Who knew that TP has an interesting story?
According to Owlcation.com, the earliest recorded use of paper as a toiletry is sixth century AD China. Not a surprise as the Chinese are credited with the invention of paper. Records indicate the Imperial Court of the Ming Dynasty started having paper manufactured for this purpose in the fourteenth century. In 1391, The Bureau of Imperial Supplies began producing 720,000 sheets of toilet tissue per year to keep up with the demand for this luxury item available only to royalty. Each sheet measured the equivalent of roughly 2 ft x 6 ft. Apparently, the Emperor Hong Wu was particularly delicate in his habits and ordered 15,000 sheets to be made especially soft and perfumed for his personal use.
Some 500 years later, in 1890, Scott Paper Company became the United States’ leading producer of TP after introducing toilet paper on a roll. Scott bought large rolls of paper from paper manufacturers and then converted them to become toilet paper on a small roll. The TP was sold through intermediaries, private labelers and drug stores. The wrappers were labeled and cut according to the specifications of each reseller. The company did not want to be associated with this Victorian era “unmentionable” so they didn’t want their name on the product. The strategy worked and Scott quickly expanded – distributing through over 2,000 reselling customers.
It would take another 40 years before the paper making process developed to the point where wood pulp was no longer a hazardous ingredient. As a result, in 1930 Northern Toilet Paper was able to claim theirs was ’splinter-free’ toilet paper.
In 1964, the Charmin brand added perfume to their one-ply toilet tissue. Then in 1986, to meet consumer demands, Charmin introduced unscented Charmin and Charmin Free products (free of inks, dyes, and perfumes).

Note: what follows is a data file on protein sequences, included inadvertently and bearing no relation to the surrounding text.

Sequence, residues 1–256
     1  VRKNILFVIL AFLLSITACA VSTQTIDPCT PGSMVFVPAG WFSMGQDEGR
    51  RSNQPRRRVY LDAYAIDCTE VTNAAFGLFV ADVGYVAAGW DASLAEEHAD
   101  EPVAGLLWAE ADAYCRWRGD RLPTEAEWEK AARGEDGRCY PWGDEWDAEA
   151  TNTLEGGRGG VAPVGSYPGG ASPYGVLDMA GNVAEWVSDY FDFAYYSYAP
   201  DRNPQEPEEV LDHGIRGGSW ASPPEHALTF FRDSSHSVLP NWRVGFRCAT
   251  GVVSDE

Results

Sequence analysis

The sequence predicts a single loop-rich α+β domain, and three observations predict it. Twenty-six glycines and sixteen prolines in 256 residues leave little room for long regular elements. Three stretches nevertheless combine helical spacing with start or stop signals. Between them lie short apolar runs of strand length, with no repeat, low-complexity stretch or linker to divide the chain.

Toilet paper made from recycled material was launched by Marcal Paper Products in 2008. All of the products in their Small Steps line, including toilet paper, are made from 100% recycled material and contain a high percentage of post-consumer recycled content.
Today, Reference.com cites a survey conducted by the toilet paper manufacturer, Charmin, which states the average U.S. citizen uses approximately fifty-seven sheets of toilet paper per day; three hundred ninety-nine sheets per week; one thousand, nine hundred ninety six sheets per month; nineteen thousand one hundred fifty-two sheets per year and a staggering one million, five hundred thirty two thousand, one hundred sixty sheets if you live to be 80 years old.
What happens to all that paper after it is used? Most sewage ends up either in a septic system or in a sewage treatment plant. Indiana Public Media’s Moment of Science discusses the decomposition options of landfill vs. sewage treatment plant.
In either case, bacteria process the organic waste and decompose it, and at the same time decompose the cellulose fibers that make up toilet paper. These bacteria release carbon dioxide, a greenhouse gas, as a byproduct. Many sewage treatment plants use a process to degrade the solids that settle out of the wastewater. Degradation happens faster in moist environments, releasing methane which has about twenty times more global warming potential than carbon dioxide.